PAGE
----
Like most of the libraries on this list, it was damaged by fire throughout the centuries. In 1204, the raids of the Fourth Crusade on Constantinople also damaged the library building and its content. However, the library survived and continued to be a major knowledge centre until 29th May 1453 when the city was conquered by the Ottoman Empire and the library’s content was destroyed.
5. Villa of the Papyri, Modern-day Italy
Photo credit: Erik Anderson
In 79 CE, the volcano Vesuvius erupted and covered the ancient Roman town of Herculaneum with 30 meters of volcanic ash. Trapped in the volcanic deposits was one of the most luxurious houses in the Roman world.
Discovered in 1752, the villa is named after its library, which was found on the top level of the house. The library contains over 1,800 carbonised papyrus scrolls and more may be found at the villa’s lower levels, which haven’t been excavated yet. The villa is the only library from classical antiquity to survive (more or less) in its entirety.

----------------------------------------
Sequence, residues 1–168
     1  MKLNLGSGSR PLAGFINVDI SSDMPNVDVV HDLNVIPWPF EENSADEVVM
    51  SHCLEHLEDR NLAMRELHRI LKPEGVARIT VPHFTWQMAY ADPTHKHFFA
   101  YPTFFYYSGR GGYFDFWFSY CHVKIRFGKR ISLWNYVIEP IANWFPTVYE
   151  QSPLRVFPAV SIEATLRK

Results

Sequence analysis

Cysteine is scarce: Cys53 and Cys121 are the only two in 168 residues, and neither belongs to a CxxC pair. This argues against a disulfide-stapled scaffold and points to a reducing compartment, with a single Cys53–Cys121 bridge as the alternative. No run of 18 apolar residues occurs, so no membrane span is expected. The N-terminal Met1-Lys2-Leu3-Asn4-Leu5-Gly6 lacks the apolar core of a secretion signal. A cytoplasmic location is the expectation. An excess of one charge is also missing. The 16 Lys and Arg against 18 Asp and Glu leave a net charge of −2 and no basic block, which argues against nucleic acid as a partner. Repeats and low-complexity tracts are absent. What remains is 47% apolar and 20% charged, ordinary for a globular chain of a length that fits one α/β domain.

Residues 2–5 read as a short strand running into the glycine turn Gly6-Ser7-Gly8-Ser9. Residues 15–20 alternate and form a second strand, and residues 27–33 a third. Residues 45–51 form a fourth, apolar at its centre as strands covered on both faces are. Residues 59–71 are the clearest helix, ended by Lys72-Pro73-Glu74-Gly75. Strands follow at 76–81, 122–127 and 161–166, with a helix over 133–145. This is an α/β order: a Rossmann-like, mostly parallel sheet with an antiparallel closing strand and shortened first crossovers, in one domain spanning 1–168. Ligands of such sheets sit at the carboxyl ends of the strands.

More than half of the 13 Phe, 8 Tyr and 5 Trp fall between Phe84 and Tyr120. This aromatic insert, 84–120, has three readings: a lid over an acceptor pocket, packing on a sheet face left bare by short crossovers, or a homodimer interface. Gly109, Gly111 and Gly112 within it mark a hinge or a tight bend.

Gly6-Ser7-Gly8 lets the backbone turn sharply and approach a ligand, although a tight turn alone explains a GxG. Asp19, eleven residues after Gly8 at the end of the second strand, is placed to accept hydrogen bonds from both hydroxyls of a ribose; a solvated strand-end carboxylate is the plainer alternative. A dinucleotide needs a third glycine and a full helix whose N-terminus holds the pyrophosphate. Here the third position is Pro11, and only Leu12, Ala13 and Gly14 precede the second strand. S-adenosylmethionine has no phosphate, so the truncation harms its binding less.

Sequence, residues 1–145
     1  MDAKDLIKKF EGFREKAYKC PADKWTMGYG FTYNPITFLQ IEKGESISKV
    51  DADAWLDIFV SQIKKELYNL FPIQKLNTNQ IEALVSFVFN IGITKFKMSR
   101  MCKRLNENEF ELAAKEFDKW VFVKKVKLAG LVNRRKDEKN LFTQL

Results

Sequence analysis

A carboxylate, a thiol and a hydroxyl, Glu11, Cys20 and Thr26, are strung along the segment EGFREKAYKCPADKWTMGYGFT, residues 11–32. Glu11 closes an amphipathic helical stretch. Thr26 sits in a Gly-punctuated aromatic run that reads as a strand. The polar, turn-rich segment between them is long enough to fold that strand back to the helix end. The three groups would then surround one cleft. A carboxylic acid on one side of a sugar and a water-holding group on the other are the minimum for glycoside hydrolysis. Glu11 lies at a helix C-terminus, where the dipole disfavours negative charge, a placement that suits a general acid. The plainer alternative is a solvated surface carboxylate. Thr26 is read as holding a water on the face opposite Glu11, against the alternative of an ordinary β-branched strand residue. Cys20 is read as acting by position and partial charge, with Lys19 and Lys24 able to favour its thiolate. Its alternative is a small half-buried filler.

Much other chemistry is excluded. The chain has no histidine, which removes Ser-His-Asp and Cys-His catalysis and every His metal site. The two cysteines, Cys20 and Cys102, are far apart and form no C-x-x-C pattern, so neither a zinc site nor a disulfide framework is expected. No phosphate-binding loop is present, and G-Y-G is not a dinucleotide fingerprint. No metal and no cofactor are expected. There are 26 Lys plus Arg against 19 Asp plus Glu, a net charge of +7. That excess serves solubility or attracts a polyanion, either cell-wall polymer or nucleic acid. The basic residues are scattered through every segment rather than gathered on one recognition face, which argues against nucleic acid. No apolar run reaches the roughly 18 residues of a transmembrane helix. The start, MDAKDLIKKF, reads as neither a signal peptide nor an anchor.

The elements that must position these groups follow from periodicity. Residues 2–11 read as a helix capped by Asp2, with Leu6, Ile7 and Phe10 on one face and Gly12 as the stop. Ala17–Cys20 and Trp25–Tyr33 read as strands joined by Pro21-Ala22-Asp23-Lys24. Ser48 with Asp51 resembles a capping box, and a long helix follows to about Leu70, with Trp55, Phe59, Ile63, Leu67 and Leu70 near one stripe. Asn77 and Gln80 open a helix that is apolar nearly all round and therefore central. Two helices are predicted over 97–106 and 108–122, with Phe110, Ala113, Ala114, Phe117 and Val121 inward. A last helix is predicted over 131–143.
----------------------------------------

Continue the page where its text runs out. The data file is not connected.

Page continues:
Fun fact: It’s thought that the luxurious villa may have been owned by Julius Caesar’s father-in-law, Lucius Calpurnius Piso Caesoninus.
If you want to see the magnificent finds from the villa, which include over 80 sculptures, many of them are on display at the Naples National Archaeological Museum. There is also limited public access to the villa, so if you want to see the place yourself, it’s doable.
Luckily, the importance of sharing free knowledge has been recognised in most places throughout history – something we reap the benefits of today, where the local library is never far away.
Which of the above libraries would you have loved to visit if you’d had the chance?